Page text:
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Sale of a Limited Company

Bank Account Query

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If someone offers to buy a 1 director limited company is the outgoing director allowed to take the money out of the company bank account prior to resignation or should the amount in the bank be added to the sale price? 

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22nd Jul 2019 10:38

Depends on whatever is agreed in the sale contract.

Are you the buyer, seller or just a by-stander?

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to paul.benny
22nd Jul 2019 10:46

I am the seller.

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to hackworthacc
22nd Jul 2019 10:53

The bank account belongs to the company and so is an asset being sold.

It's reasonable to use the cash in the bank to pay the company's liabilities - eg to suppliers, HMRC.

If you want to empty the bank into your pockets, that's another matter and it depends entirely on what you've agreed with the buyer. And doing so could also result in a tax liability on the company.

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22nd Jul 2019 10:59

OK. Let's say that I want 30K to sell the business lock stock and barrel and there is £20K in the bank. My selling price would be £50K ?

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to hackworthacc
22nd Jul 2019 11:04

hackworthacc wrote:

OK. Let's say that I want 30K to sell the business lock stock and barrel and there is £20K in the bank. My selling price would be £50K ?

It might be, but what selling price have you agreed with the purchaser, and what does your agreement say about the cash balance on completion?

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to hackworthacc
22nd Jul 2019 11:08

Selling the business and selling the company are slightly different things and you should make sure you understand the difference.

Whichever you end up doing, you should make sure you take legal advice and that the sale is properly documented. This should protect you from disputes after the sale is completed.

The sale price is between you and the buyer. If it is the company you are selling, it would be normal to include a provision to adjust the price according to the bank balance at the date of ale, and probably also for the movement in other assets and liabilities.

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22nd Jul 2019 11:06

Let's put it this way, you need to speak to an accountant.

I assume you have engaged a solicitor to deal with the sale agreement, etc.?

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22nd Jul 2019 11:16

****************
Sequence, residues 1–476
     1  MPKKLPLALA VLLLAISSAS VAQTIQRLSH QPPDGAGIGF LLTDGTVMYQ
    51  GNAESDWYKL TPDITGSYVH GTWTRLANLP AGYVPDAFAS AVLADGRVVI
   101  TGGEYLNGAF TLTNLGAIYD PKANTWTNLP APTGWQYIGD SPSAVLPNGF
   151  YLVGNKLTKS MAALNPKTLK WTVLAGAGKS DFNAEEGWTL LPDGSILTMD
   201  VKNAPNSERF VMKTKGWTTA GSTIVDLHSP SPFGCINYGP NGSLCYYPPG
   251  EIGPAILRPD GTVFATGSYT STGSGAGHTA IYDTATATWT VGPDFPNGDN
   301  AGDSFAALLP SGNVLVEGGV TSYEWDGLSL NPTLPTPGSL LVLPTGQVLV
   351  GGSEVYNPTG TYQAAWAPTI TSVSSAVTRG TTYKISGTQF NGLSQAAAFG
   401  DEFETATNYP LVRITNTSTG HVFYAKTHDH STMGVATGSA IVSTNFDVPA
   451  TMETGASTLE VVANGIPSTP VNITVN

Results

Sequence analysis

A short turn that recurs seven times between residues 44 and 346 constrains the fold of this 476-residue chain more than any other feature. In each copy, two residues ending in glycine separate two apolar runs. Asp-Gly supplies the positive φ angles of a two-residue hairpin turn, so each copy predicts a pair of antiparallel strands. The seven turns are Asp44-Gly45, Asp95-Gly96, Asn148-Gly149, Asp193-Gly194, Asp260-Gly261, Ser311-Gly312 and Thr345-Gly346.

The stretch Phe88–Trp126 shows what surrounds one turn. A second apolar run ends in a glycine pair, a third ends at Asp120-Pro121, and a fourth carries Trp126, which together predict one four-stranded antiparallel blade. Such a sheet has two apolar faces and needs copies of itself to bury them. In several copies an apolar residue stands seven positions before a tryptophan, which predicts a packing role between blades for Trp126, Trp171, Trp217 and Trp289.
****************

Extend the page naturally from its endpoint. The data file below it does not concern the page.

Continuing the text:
This is the sort of thing where having advice is critical. Last week I (and the other shareholders) sold a company I founded in the 1980s.

We have agreed to sell the shares in the company. However, in these situations and the assumption in your case is that you are selling the shares in the company, there are a lot of complex issues and you may for example value the business on the basis of a multiple of profit (assuming you don't have to do any work), but beyond what working capital may be required any extra in the bank could be considered extra.

It is, however, clearly something where some advice is worth having. In my case the advisors were an important part of the process (I am not an accountant and I pay for advice from a firm of accountants).

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22nd Jul 2019 13:35

I assume you are also the shareholder and selling the shares rather than just the business. If the bank balance is not included in the deal then you should be liable to income tax on the distribution of the cash to you. If the agreement includes the cash and the total is below £25,000, then it could be structured to all fall to capital gains tax at 10% depending on what the company activity was. There's a whole host of other considerations so you should take advice on the tax implications.

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to Jerome_Lane
22nd Jul 2019 14:19

Why is £25,000 relevant? If the agreement includes the cash then CGT at 10% may well apply regardless of the amount (subject of course to an unlikely much higher cap) and without any special structuring.

In answer to the original question, it depends - as others have said - what the agreement says (eg re minimum cash balance required). Otherwise, whilst the individual owns the company he can do whatever he likes with the cash.

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